How to Get White Water Mold Out of Your Swimming Pool

Come on in, the water’s… flulike. You might have been itching to take a dive into cool, fresh waters, but today you looked down into your pool to see a nasty layer of what looks like mucus floating in the pool and jamming up your pool walls and floors. That’s gross. It’s also something called white water mold.

While white water mold itself doesn’t cause harm to humans, this sick-looking substance indicates that the rest of your pool water might be sick-inducing. That’s because if you’ve got white water mold, the rest of your pool’s chemical balance is facing a serious problem.

I’ll explain what white water mold is, why it’s floating around in your pool, how you can prevent it, and step-by-step tutotial for how to get it right out of your pool, whether your pool’s sanitizer system involves chlorine or biguanide. Let’s send that gunk packing.

What Exactly is White Water Mold?

White water mold is a naturally-occuring fungus that sometimes forms in swimming pools. It looks like snotty mucus or like a big ol’ torn up tissue floating along in your water. As I’ve mentioned, the mold itself isn’t harmful to humans. But it looks nasty, can clog up your equipment, and indicates that your water probably isn’t safe for swimming.

This mold can also wreak havoc on your chemical balance by depleting the oxidizer levels of your pool, and that’s a problem, because all types of chlorine kill bacteria through the process of oxidation. It will also deplete the oxidizer you add to your pool if you have a biguanide pool. And what’s worse is that it can be highly resistant to both chlorine, bromine, and other sanitizing chemicals.

Because white water mold can be so resistant to certain chemicals, it could easily work its way back into the pool after you get it out. That’s why we’re going to make sure to do this the right way—even though there are a fair amount of steps involved.

If you have an indoor pool, it’s no coincidence or bad luck that you’re here. UV rays are known to be pretty effective in killing white water mold, so indoor pools are much more susceptible to developing this snotty annoyance. That being said, any outdoor pool corners that don’t get a lot of light can also be ripe breeding grounds for white water mold. Ick.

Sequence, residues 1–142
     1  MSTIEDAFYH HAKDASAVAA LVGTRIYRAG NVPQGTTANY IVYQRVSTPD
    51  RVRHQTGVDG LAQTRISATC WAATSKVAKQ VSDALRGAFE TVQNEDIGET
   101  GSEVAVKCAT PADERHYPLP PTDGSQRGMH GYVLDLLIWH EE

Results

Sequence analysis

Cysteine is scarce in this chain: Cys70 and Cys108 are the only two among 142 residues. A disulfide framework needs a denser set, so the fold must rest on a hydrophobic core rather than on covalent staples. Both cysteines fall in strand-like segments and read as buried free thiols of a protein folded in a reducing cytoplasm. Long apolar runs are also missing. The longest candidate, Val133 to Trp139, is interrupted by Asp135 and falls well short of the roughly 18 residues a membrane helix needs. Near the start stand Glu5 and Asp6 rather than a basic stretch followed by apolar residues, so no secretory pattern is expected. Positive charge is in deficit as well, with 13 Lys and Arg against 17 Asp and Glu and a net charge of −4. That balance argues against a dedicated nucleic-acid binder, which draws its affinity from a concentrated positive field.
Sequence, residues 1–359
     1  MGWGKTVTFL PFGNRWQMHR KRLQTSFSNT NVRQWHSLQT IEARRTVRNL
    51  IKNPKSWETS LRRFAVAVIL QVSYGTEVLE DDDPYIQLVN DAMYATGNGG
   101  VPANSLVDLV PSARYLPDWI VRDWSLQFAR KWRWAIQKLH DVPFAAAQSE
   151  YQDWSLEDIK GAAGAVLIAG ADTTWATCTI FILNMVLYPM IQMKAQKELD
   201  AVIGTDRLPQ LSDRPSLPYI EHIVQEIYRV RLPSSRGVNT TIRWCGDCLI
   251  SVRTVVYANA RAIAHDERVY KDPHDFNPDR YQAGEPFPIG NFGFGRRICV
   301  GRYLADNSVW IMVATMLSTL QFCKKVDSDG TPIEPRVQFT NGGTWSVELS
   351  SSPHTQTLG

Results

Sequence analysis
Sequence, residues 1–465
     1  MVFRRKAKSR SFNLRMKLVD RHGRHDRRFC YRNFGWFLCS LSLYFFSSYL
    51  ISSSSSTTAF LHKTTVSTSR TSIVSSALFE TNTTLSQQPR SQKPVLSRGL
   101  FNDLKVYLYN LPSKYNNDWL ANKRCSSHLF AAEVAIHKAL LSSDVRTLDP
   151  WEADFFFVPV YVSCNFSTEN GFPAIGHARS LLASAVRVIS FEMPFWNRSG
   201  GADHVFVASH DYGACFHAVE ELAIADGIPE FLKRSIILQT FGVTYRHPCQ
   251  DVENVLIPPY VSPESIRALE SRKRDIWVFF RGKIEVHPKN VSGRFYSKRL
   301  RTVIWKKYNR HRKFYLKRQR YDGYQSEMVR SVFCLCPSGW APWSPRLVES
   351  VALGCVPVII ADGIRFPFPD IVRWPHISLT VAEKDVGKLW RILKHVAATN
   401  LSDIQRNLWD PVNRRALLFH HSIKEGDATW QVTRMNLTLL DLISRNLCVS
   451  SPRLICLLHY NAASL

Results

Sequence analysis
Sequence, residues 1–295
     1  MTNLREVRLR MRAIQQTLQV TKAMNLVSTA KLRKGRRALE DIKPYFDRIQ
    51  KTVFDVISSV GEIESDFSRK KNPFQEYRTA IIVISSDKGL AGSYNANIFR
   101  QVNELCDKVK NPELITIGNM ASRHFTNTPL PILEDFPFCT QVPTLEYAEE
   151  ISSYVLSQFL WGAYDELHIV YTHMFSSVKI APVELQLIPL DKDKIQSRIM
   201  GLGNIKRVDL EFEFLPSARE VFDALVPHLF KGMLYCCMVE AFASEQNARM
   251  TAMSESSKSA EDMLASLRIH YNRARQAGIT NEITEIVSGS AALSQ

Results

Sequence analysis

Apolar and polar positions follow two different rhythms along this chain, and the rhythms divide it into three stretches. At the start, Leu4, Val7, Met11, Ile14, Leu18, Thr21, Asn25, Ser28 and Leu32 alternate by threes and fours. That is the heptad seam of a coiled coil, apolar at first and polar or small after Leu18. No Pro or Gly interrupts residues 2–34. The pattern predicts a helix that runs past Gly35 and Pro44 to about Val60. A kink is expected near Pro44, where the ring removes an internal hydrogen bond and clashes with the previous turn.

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Why Is There White Water Mold in Your Pool?

It’s not just shady shadows that allow white water mold in your pool. Since it’s a fungus, it’s often crops up on its own, without being introduced into your pool by any particular thing. But it’s much more likely to thrive (and become visible) in your pool when your pool isn’t clean, and your pool water isn’t properly balanced.

So what’s the difference between a clean pool and a balanced pool? That’s a common question. Cleaning a pool involves regularly skimming, brushing, and vacuuming the pool, while balancing a pool involves balancing its chemicals. In order to keep a clean, well-maintained pool, you’re going to have to nail both processes. As you’ll learn in the next section, this will do wonders for preventing white water mold in the future.

White water mold indicates that your pool isn’t clean and your pool water isn’t properly balanced. And if that’s the case, it’s time to pause swimming until it’s out of there, your pool is cleaned, and your water is rebalanced. That’s because having a dirty unbalanced pool means that your sanitizer isn’t working, and its job is to keep your water free of nasty bacteria, including the kind that can make you sick. So it’s best to put a pause on cannonballs until there’s no mold in your pool left—or even better, prevent white water mold in the first place.

How to Prevent White Water Mold

Getting white water mold out of your pool is a straightforward process, sure, but it is a pretty time-consuming one. The easiest, quickest way to deal with white water mold is to prevent it in the first place. You can stop this naturally-occuring fungus from occurring in a big way in your pool by routinely doing the following:

1. Every Week, Clean and Balance Your Water.

Brush your pool walls and floors with a brush that is sure to get every crevice, vacuum your floors with a powerful automatic cleaner, and balance your pool chemicals every single week. You should also be skimming the surface of your pool and cleaning out your skimmer baskets daily.

2. Soak Up the Sun

Just like humans, your pool and its accessories should be routinely exposed to the sun. If you use a cover most of the time, pull it back for some time every week to let UV rays into your water.

3. Stay on Top of Your Pool’s Pressure Gauge